European hope springs eternal, but the problems there are far from solved.
Our sector spotlight highlights sectors whose implied volatilities have risen or fallen. This can point to areas of potentially profitable option investments.
We use Morningstar's proprietary industry-level data to find sectors and industries attractive for option-based investment strategies. The chart at the bottom shows how much the average implied volatility for each sector differs from its trailing three-month average (vertical bars, indexed on left-hand scale), and the change in implied volatility from week to week (dark blue line, indexed on the right-hand scale).
Sector-level uncertainty eased greatly from the previous week and is now below, and in some sectors well below, the previous quarter's average.
Sector-level uncertainty continued to fall across the board. The sector whose average implied volatilities are lowest with respect to the previous quarter is consumer cyclicals. Several of our recommendations this week are in the consumer cyclical automotive maker industry, where we think long-tenor call options represent an outstanding opportunity.
Implied correlations are still high, despite the fall in general market volatility.
We compare the implied volatility of the options on the average small- and large-cap stocks with the options on the index to estimate implied correlations, or expectations that all stocks will rise and fall in unison. During times of panic, this measure spikes, and it approached 100% during the crash in March 2009. Despite the large drops in implied volatility this week, implied correlation remains at elevated levels. This indicates that participants in the option market are still on their guard against systematic risk--the risk that structural weakness and broad market declines will overshadow company-specific ones.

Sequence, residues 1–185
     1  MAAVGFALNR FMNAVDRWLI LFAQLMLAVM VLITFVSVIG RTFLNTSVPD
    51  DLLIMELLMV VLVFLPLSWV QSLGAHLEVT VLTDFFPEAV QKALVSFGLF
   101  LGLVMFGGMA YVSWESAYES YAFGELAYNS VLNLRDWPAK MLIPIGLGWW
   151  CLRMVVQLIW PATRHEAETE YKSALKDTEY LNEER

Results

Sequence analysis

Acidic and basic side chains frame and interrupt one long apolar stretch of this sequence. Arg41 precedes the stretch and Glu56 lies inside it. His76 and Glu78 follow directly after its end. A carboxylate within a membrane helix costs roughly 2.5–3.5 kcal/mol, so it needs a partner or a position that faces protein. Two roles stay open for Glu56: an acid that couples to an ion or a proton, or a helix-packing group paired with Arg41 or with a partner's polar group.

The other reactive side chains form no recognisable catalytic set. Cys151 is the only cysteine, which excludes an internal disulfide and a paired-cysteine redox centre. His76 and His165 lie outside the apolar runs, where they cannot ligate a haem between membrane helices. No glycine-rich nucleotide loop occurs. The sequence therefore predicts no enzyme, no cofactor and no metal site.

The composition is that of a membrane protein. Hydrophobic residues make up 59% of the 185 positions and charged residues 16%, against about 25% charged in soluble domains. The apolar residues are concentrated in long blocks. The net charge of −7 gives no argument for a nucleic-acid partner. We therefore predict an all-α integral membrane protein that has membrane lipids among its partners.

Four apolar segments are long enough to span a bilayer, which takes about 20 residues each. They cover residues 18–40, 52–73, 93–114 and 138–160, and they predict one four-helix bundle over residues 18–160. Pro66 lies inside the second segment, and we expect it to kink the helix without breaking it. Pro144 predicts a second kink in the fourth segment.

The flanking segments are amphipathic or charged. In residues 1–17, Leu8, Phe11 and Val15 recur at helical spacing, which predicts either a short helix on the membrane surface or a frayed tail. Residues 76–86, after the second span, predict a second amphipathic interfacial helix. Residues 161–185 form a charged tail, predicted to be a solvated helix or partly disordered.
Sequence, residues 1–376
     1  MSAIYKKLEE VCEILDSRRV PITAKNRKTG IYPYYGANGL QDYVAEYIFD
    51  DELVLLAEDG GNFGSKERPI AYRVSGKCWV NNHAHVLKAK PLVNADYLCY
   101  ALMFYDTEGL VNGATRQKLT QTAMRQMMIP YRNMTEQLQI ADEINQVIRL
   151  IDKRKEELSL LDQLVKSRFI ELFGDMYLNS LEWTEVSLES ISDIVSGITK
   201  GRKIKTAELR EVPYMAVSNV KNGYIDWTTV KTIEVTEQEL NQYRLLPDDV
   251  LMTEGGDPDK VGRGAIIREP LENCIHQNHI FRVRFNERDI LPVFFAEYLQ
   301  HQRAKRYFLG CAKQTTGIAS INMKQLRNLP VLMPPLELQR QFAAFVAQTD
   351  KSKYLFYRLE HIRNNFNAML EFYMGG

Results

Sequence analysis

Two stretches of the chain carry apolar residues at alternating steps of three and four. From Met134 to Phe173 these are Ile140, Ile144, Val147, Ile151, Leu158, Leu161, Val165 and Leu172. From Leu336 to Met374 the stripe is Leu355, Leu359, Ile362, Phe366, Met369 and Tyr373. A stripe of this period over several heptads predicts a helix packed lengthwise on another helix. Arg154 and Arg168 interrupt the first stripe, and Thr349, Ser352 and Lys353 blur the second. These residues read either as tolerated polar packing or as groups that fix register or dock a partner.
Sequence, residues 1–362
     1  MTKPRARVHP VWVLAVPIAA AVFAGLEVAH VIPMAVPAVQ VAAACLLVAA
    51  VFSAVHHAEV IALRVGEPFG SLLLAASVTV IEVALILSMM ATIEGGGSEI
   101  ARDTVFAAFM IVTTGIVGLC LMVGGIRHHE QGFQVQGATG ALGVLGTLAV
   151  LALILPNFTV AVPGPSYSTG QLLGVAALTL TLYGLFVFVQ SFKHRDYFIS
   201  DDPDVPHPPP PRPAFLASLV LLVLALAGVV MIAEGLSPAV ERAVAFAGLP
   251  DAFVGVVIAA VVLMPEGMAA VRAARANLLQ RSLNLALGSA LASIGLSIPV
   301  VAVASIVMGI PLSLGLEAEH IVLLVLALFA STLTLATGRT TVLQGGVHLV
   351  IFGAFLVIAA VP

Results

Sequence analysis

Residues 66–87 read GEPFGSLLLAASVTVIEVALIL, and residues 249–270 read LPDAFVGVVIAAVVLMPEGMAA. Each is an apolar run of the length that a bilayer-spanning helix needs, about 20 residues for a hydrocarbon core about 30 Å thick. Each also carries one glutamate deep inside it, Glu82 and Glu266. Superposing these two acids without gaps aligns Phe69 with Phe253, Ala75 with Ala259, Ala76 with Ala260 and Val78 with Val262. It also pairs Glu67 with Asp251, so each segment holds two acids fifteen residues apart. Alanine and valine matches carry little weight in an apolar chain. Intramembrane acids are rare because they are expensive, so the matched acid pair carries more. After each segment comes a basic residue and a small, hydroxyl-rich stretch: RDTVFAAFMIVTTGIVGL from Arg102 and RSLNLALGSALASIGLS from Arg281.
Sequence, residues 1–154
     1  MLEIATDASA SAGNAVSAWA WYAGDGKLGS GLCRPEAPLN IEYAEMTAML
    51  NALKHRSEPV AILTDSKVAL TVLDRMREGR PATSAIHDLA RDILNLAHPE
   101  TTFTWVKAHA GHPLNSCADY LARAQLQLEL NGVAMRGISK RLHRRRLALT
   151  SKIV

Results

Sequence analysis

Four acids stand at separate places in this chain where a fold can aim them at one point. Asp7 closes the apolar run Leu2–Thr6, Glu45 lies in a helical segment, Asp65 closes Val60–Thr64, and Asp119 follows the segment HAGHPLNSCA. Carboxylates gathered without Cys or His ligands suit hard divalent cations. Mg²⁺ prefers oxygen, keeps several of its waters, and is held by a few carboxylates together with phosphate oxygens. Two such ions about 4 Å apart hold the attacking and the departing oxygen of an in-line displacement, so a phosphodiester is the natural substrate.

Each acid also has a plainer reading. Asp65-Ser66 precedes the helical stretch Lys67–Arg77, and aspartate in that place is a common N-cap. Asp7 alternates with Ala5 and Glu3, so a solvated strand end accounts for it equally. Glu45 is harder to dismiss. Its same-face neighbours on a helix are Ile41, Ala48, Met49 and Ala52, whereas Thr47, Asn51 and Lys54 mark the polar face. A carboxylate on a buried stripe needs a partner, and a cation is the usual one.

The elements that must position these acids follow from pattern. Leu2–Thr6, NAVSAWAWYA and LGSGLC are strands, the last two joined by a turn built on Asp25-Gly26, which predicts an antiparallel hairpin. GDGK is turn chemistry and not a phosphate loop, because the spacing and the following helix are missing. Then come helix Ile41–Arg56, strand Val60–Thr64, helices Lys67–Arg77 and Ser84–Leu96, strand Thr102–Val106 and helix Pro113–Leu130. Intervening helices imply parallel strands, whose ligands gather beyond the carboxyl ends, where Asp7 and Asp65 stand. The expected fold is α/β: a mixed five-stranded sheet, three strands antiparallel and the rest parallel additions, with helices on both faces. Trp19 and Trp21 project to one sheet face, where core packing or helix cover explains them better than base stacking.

Readers of my series of articles on Morningstar OptionInvestor regarding hedging (Part I, Part II, Part III) will recognize this as an opportunity to start looking for broad-based index and sector ETFs to look for protection. This is because volatilities on indexes are going down even while the option market is expecting a fairly significant systematic risk to individual stocks.
As a change of pace from our usual Volatility Report selections, I will highlight a few options on sector ETFs this week for those of you who want to buy some cheap(ish) protection from systematic risk were Europe to drive off the tracks again.
Once again uncertainty about value stocks remains elevated relative to growth.
The ratio has flatlined this week and the implied volatility of value stocks still remains slightly higher than that of growth stocks. Opportunities might exist for identifying stocks with a value classification but limited downside.
Investors wishing to bet that Europe is in for more difficult times might use the present lowered index volatilities to invest in put options on these ETFs.
Vanguard MSCI Europe ETF
This ETF tracks the MSCI Europe Index, which includes about 460 companies domiciled in developed Europe. The weighted average market cap of this portfolio is $40 billion. The top country holdings are United Kingdom (31% of the portfolio), France (17%), Germany (12%), and Switzerland (12%). Top sector holdings are financial services (23%), consumer goods (15%), materials (14%), and energy (11%). Relative to the S&P 500, VGK has much heavier weightings in financials, materials, and telecoms, and much lower weightings in information technology. This fund does not hedge its foreign-currency exposure.